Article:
I love making soups in the winter.

They warm up the house when you make them! Another big bonus is they last several meals and eliminate cooking for several nights at the least.

Dry lentils last a long time.

It was about 7:30 on Monday night and pouring down rain when I went to cook dinner and realized I didn’t have much in the house. (Yikes!) A quick look in the cupboard revealed I had a bag of dry lentils which had been there since last winter. Luckily, lentils will last a year or more if you keep them in an airtight container (or tie up the bulk plastic bag you got them in, which was my case). I also happened to have on hand the very few, additional items required to make my favorite lentil soup.

Voila. Done in about an hour, and we had meals for four days!

You can make a big pot of something one night, and then add a few things the next night to make it feel like a completely different meal.

Case in point– this lentil, rice and bison bowl.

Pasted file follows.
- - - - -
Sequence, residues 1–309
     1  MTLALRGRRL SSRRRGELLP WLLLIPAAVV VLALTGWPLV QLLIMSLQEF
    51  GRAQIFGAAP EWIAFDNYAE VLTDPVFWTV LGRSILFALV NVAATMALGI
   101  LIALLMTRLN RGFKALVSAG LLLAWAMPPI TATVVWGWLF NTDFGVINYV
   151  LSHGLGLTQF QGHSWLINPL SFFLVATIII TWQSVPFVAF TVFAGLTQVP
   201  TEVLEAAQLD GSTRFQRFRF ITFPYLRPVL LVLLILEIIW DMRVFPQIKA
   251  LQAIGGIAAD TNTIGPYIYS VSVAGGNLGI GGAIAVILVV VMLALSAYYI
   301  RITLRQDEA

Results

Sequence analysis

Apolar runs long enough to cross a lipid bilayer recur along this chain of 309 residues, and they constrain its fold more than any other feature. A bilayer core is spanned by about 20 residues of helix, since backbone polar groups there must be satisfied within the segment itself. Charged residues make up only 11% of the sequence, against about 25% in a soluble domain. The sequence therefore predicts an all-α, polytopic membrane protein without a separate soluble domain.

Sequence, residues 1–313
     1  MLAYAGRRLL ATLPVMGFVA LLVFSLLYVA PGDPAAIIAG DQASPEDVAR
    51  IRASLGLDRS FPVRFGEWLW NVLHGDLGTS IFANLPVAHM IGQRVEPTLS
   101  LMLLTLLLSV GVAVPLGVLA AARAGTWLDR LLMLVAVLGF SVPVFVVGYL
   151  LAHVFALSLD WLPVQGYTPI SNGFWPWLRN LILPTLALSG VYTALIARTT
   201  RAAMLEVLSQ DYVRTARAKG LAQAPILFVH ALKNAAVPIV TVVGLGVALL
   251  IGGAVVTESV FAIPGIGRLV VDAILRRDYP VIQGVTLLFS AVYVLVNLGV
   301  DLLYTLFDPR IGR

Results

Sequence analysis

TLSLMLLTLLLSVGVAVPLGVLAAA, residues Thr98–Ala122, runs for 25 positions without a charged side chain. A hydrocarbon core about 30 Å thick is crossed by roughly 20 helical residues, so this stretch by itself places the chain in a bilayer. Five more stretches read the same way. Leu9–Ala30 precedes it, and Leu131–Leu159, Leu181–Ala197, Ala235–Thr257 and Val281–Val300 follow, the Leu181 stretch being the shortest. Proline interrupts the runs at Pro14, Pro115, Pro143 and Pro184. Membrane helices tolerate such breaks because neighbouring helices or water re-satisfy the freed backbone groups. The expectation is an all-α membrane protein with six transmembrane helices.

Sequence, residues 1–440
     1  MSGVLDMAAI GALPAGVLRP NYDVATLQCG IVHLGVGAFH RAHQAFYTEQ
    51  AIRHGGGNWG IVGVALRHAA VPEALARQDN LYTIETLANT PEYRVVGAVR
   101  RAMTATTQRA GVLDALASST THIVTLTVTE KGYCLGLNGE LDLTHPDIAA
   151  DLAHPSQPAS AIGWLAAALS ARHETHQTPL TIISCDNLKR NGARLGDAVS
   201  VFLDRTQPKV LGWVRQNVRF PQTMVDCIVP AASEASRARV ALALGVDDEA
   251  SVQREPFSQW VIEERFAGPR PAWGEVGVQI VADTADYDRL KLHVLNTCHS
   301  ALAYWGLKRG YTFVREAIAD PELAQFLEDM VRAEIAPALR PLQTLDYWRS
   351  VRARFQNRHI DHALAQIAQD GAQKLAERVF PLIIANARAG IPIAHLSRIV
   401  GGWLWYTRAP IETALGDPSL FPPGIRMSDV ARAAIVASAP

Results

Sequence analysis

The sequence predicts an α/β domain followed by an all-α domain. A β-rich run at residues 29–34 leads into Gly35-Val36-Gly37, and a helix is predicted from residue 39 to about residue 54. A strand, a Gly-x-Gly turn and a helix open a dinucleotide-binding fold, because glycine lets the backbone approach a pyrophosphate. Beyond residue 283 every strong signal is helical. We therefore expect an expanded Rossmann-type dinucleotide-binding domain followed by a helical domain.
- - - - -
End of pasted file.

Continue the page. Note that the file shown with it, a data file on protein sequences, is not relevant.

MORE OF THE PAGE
The first night, we had soup. The second night, I put rice in the rice cooker while I heated ground bison on the stovetop (super fast and easy). We layered a bowl with 1 cup rice, 1 cup soup, and 3 oz bison. It made a hearty meal. Not to mention it’s a meal in a bowl, which is a fun way to eat!

You can really spice this one up if you like. Add sriracha sauce or some hot pepper flakes. Anything goes, really!

Nutrition Information for the Lentil, Rice and Bison Bowl

This is the info for 1cup rice, 1 cup soup, and 3 oz bison. (See the nutrition information for the lentil soup alone here.)

Can you swap the bison for beef?  You sure can. I’ve got the beef info below and it’s not much different if you use 90% lean beef.  You can also swap the bison for vegetarian “ground beef.”

There’s a lot of protein in this bowl.

Twenty-nine grams in a meal with only 550 calories and plenty of fiber. And there’s a lot of iron. About half comes from the lentils; the other half comes from the meat.

Bon Appetit!

With Bison:

With 90% Lean Beef

Nutrition_Facts_Beef_Rice_Lentil soup